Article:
‘Marry Me A Little’: A showcase for Sondheim’s ‘beautiful melodies’

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For Digital First Media

In 1980, recognizing that Stephen Sondheim’s least-known songs deserved a showcase, Craig Lucas and Norman René organized some of his outtakes into a musical about two lonely New Yorkers on a Saturday night.
No mistake about it, “Marry Me a Little” is a highly specialized item. A collection of songs that never made it into the various musicals for which they were written, this two-performer piece hovers uncertainly between a concert recital and a staged work.
The narrative is vague, detailing the relationship between a man and a woman. The two characters exist within one space, their stories overlapping as they drift in and out of each other’s lives.
For Sondheim fans, it’s of unquestionable interest: a rare opportunity to hear material that would never be performed in any other context. The songs were written for such Broadway legends as “Company,” “Follies,” “A Little Night Music” and “A Funny Thing Happened on the Way to the Forum,” but were cut because they couldn’t be fit into the staging logistics, dramatic development or overall vision of the shows.
A recital of rejected songs unconnected by dialogue hardly sounds appealing; there isn’t a word of spoken dialogue in this chamber musical. It relies on 22 Sondheim songs to stitch together a story of commitment wary but eager for love New Yorkers.
It’s a very slender branch on which to hang a show. But the leaves are songs by Stephen Sondheim and the roots are anchored in the longing for love, so what can be bad?
Charming but slight, it’s really more of a revue than a musical, and there are times when you long to hear the songs set in a deeper context.
Songs from the original show have been rearranged and shaped in terms of creative vision and dramatic effect by director Stephen Casey. The result is a 90-minute song fest that floats along with the expert piano accompaniment of Michele Ferdinand. Her rendering of these Sondheim gems is just beautiful.
Mr. Casey nicely tweaks the original concept by allowing the actors to be aware and interact; keeping them close and apart simultaneously; giving us a glimpse into their state of their mind, which seems ruefully hopeful.
Romance is the throughline in these Sondheim’s songs, and no one charts the path from ecstasy to regret with as much nuance.
Though the songs are arranged in a vaguely conceivable chronological order, the characters (simply called man and woman) are unknown and dramatic logic missing. Not every song is a perfect fit for the concept, nor are they all ideally suited to the performers. However, the intimacy of the piece is well–suited to the diminutively proportioned Montgomery Theater Stage.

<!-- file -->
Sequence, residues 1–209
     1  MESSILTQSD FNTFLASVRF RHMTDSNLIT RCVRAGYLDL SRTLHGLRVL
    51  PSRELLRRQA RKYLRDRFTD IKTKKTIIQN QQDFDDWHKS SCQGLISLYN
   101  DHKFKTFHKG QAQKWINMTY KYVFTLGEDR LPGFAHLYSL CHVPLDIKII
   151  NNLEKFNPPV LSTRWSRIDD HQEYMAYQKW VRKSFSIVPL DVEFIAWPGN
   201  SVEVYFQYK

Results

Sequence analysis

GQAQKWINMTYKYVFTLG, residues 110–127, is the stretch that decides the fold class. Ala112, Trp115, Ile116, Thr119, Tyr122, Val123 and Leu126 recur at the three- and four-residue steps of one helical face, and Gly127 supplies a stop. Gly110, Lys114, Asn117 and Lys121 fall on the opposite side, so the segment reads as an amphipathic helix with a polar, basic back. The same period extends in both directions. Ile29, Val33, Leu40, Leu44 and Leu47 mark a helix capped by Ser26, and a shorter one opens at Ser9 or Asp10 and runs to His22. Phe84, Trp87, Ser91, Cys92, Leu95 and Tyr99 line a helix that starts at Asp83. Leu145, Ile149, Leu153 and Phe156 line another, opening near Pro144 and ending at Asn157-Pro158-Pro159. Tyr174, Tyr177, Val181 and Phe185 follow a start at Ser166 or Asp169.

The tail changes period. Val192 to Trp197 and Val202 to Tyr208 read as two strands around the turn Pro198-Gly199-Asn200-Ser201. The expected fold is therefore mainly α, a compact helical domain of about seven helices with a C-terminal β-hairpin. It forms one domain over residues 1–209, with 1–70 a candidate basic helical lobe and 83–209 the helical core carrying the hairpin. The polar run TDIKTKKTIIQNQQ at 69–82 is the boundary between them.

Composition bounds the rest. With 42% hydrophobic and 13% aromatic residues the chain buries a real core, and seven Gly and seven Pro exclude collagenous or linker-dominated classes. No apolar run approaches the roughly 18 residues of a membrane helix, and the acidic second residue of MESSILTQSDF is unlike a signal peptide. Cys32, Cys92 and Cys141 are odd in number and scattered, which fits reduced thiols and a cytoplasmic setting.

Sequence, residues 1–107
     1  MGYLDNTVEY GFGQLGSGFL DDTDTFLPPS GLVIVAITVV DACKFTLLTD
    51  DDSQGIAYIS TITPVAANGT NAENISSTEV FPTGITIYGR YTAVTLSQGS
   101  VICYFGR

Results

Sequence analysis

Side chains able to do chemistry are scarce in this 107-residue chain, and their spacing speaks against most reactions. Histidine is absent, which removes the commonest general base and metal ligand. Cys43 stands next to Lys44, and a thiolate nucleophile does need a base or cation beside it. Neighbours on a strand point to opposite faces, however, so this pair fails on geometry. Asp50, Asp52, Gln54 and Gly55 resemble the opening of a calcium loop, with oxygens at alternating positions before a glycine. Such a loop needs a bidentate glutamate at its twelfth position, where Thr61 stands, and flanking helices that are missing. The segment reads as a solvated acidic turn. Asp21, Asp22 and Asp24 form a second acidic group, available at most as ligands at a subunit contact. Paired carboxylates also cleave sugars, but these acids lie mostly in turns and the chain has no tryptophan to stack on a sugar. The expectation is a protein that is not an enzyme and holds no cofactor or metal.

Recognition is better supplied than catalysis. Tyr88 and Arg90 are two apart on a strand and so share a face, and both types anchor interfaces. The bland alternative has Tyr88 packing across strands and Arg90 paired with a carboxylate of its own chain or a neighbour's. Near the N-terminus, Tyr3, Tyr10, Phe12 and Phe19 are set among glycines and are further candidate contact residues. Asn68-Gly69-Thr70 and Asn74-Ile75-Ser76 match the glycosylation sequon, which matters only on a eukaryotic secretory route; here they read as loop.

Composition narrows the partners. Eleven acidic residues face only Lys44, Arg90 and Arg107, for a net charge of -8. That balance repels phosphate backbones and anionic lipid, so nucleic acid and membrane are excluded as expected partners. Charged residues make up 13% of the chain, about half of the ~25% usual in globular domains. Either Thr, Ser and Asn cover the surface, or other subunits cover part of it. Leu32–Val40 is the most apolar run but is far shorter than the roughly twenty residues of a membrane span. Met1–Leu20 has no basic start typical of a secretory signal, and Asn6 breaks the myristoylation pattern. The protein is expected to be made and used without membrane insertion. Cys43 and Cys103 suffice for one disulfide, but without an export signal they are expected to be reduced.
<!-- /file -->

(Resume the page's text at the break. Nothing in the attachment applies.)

For less than die-hard Sondheim enthusiasts, the appeal may be limited by the lack of a proper context. No one will claim that this is a great Sondheim musical. While many songs are witty like “Uptown Downtown” or delicate like the title song, there are others that Sondheim was right to reject.
The staging here is strictly nondescript. The contents of “Her” and “His” apartments, as well as the clothing choices, give us little insight on each character. Their personal belongings are in three small cardboard boxes. He wears a jogging suit and she is in pajama bottoms. The apartment is bare without a single personal effect.
Making every song a duet, virtual or actual, has other downsides. Some songs get sung in counterpoint before having a chance to establish themselves in their own right; “Who Could Be Blue,” another cut treasure from Follies and a melody whose simplicity and serenity are worthy of Jerome Kern, is especially shortchanged.
But we get to hear a lot of lovely music; my favorite being the delicate “All Things Bright and Beautiful,” yet another cut-out from Follies.
Neither singer has a robust voice, but Peter Carrier performs with confidence, easily projecting ambivalence, yearning or any emotion called for.
In the role of the unnamed woman, Kim Carson offers a fine degree of emotional sincerity but her singing is strained. Her vocals are at a high pitch, one note away from a screech. There are two songs where she drops an octave and the results are pleasing to the ear.
No living Broadway composer’s gifts have been more celebrated than Mr. Sondheim’s. The composer’s 80th birthday a few years ago prompted a flood of Sondheim productions around the country, and I hope, a wider awareness that if you’re ranking the greatest artists of the last half-century, Stephen Sondheim is on the very short list. It would do well to remember that Andrew Lloyd Webber doesn’t write the lyrics.
This enchanting 90-minute show is an experience to be treasured by those who can never get enough of Sondheim’s beautiful melodies, deep human insight and diamond-sharp wit.


What: “Marry Me A Little”
Where: Montgomery Theater, 124 N. Main St., Souderton.
When: Now through May 3.
Tickets: $24 – $35.
Info.: Call (215) 723-9984 or visit montgomerytheater.org.

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